There is something about Georgian architecture that appeals to me. The elegant simplicity of Georgian terraces, in particular. Dublin has many examples of such buildings, constructed when the city, then an important part of the British Empire, was rapidly developing at the end of the 18th Century. I’ve been to Dublin a few times and always enjoy walking around the parks, streets and squares on the south side of the Liffey.
During our recent holiday in Ireland we visited the Dublin’s Georgian House Museum at Number Twenty Nine Fitzwilliam Street. This has been restored to represent how it looked when was first occupied in 1794. The restoration was sponsored by the Irish Electricity Supply Board who demolished most of the row of houses on Fitzwilliam Street Lower to make way for their rather ugly offices. They obviously felt guilty about this and put money into the project to try to salvage their reputation, I guess.
As the house is relatively small (although large compared to where most people live today) tours are guided – you can’t wander round yourself. The guide we had was very friendly and very informative, and we learned a lot more than we would have if we’d wandered around with a guide book in hand.
The outside of the house is very typical of a Dublin Georgian town house. The front is fairly plain brickwork, only broken up by the long windows. In these houses, the main decorative feature tends to be the door and the semi-circular fan-light, which present an opportunity for some individuality. The houses have a relatively small footprint, with much of the living space created by building upwards. No. 29 has four storeys, plus a basement, which is typical for this type of house. The size of the windows varies. The largest being on the first floor, where the main rooms used for entertaining guests were located. The windows reduce in size going up the building with the smallest on the top floor where the children’s and governesses rooms were found.
You enter the house via the basement of the house next door where you pay your relatively modest entry fee and wait for the next guided tour. This starts with a short film show which explains the history of the house and provides some background about the expansion of Dublin during the Georgian period, told from the perspectives of the owner, a widow called Mrs. Olivia Beatty, and her servants.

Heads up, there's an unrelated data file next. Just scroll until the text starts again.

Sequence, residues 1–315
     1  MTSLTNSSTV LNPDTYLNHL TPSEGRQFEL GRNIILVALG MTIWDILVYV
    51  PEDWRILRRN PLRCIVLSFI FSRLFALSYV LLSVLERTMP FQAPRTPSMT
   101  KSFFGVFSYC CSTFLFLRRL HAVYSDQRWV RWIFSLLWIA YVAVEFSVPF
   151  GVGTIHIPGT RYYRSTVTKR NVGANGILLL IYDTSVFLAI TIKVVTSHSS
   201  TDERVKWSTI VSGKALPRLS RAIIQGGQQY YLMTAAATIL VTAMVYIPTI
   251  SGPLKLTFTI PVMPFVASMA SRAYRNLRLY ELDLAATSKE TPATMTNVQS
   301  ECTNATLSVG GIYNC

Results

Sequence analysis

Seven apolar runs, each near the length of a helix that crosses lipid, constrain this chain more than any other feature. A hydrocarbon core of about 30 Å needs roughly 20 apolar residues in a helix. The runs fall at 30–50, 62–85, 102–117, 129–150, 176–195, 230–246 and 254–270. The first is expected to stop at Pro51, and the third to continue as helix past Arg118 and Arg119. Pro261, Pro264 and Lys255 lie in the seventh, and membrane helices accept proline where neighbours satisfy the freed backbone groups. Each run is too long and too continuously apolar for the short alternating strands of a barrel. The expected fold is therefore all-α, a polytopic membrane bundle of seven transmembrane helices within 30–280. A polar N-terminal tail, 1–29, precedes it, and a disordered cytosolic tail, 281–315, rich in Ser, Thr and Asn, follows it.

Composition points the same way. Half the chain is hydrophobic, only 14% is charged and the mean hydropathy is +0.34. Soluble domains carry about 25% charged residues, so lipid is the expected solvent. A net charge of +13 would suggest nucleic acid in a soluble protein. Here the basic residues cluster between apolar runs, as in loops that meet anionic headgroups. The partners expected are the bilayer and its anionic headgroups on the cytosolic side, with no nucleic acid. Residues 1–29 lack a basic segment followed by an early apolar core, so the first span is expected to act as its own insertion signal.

The tour starts in the basement, in the kitchen. The guide described the life of the servants – the housekeeper, scullery maid and groom. The scullery maid, in particular, had a hard time doing most of the donkey work – cleaning and scrubbing, emptying the chamber pots (no flushing toilets in those days!) collecting the water, which was stored in a tank in the cellar, and lugging food, water and just about everything else, up and down the stairs. She wouldn’t normally live in the house, but would come in day to day. The household was run by the housekeeper, who had a bedroom in the basement, next to the larder (so she could keep an eye on the supplies). The male servant, who would look after the horses and carry out other work as required, would probably kip down in the stables or on the floor somewhere in the basement.
Moving up to the ground floor, there is a large hall and the dining room. Formal meals were served here, although everyday meals would be taken in the private, personal rooms on the first and second floors. The poor maid having to carry everything up several flights of stairs from the kitchen in the basement.
The front drawing-room on the first floor, or piano nobile, was the most important public room. Guests were entertained here and it was used to display the works of art owned by the family. The guests would walk around the room admiring the paintings. The large windows allowed people on the street to see inside – a way of making an impression. The back drawing-room was a more private space where the family would entertain themselves.
The master bedroom and the lady’s boudoir were on the second floor. As with the other rooms in the house they were furnished and decorated in the style typical of the times when the house was first occupied. The guide pointed out the at this time people used to sleep in a sitting position as it was believed this helped to prevent chest infections and diseases such as TB. I’d also been told about this during my visit to Wordsworth’s house, Dove Cottage.
The top floor, or attic, contained the Nursery, where the children of the house would sleep and have their lessons, and the Governesses’ bedroom. Georgian families were quite large, so it was a surprise to see such a small amount of space allocated to the children. However older children would be sent away to boarding school and during the holidays the family would decamp to their country house, so the older children probably hardly ever needed to stay at the main residence.
The guided tour took about an hour in all (including the film) and allowed us to gain a glimpse into the life of an upper middle class family and their servants in the late 18th Century. Quite often its the grand houses of the aristocracy that are preserved and open to the public. Looking around these grand houses is interesting but doesn’t provide a picture of how the majority of the population used to live. No. 29 provided an insight of the life of more modest people, albeit still not representative of the masses of working people who lived in the great cities of Britain and Ireland. Unfortunately their houses are long gone and their stories rarely told in standard histories.